“If you ignore it, you can act much more naturally,” said Herman, who once ruined a scene by accidentally looking into the camera while filming Eddie in the old Charlotte Coliseum. “They yelled out ‘cut!’ and they said ‘Somebody looked at the camera and we have to do that over again.’”

While many extras first get involved in the business because of a passion for film, production or acting, the hard work and long hours earns them at least a little more than just experience. In Charlotte-area filming, the pay rate is usually $7.50 for the first eight hours, and then time-and-a-half for every hour worked after that.

“However, they also feed you and there are times where out of eight hours you might work two, so even though the pay is almost minimum wage, you still have a good chance to make a few dollars,” said Poplin, who has been using the money earned on film sets to sustain him during post-graduation life.

According to Herman, it’s possible to make a larger amount of money for contributing something additional that the production team is looking for, including smoking, biking and even nudity, the latter often paying a couple hundred dollars per day. If you’re able to land a speaking role, you may eventually be eligible for a SAG (Screen Actors Guild) card, which could result in massive pay raises.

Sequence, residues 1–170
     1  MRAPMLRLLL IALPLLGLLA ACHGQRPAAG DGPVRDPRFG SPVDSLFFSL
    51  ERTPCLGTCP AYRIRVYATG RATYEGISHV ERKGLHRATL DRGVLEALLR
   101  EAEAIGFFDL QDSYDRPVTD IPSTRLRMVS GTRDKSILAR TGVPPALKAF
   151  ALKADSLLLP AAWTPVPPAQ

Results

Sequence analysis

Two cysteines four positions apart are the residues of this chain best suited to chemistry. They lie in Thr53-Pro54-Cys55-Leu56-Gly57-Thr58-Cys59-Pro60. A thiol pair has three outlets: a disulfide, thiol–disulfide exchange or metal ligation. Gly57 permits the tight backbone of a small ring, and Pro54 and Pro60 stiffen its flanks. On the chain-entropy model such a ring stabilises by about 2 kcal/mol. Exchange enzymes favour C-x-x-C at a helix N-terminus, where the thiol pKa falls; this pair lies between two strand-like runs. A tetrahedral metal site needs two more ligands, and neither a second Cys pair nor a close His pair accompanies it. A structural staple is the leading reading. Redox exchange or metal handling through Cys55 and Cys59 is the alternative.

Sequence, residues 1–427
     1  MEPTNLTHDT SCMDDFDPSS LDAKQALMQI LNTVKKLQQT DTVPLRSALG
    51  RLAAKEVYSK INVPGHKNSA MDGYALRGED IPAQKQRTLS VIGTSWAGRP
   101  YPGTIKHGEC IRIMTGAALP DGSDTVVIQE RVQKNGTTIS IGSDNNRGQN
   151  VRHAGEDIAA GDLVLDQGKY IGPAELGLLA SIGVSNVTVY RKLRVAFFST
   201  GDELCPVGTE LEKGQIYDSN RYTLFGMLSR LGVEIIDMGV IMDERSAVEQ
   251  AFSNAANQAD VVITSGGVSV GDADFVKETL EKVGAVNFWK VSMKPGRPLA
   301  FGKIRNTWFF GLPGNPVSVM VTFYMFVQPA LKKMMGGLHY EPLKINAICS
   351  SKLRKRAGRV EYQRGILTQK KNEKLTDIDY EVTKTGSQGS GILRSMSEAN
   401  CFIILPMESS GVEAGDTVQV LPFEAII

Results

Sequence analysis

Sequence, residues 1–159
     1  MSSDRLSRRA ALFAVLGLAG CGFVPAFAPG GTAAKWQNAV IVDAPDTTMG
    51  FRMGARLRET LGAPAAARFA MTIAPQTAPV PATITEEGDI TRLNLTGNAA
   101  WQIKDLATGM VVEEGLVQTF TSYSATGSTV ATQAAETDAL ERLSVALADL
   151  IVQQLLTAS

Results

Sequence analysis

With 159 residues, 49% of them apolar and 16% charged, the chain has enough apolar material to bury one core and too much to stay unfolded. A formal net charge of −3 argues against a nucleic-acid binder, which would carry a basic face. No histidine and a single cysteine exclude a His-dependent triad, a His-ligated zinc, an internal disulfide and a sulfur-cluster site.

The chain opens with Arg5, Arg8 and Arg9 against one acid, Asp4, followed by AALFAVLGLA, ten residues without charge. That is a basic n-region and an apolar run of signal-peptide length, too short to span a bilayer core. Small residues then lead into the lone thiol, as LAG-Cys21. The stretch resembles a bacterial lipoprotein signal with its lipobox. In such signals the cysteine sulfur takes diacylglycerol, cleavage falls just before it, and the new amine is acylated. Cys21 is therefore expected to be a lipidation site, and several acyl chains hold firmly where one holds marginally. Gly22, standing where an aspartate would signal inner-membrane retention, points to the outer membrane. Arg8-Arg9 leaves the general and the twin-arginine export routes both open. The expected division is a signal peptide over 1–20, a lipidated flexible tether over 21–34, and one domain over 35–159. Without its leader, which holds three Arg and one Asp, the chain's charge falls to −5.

Many extras who prove they’re hardworking can even be called back on set for re-shoots, which occur when the director is not happy with the primary footage. That chaotic Iron Man 3 scene, shot in Wilmington, is a re-shoot of the original scene shot last June on a Wilmington sound stage.

“I like re-shoots because we’re more likely to be seen in the final picture,” said Herman, who traveled to Wilmington to appear in both the original scene and the re-shoot. Herman hopes that being an extra will eventually lead to a featured role, which would pay more, as it may or may not contain speaking and even lead to SAG card eligibility. Others are happy to continue as an extra for the mere experience, which can sometimes be more interesting than anticipated.

“I did make really good friends with this one actor (I won’t name who) and he turned out to be really inappropriate in his conversations with me and wanted to fly me out to L.A.,” said Turner. “I stopped talking to him, to say the least.”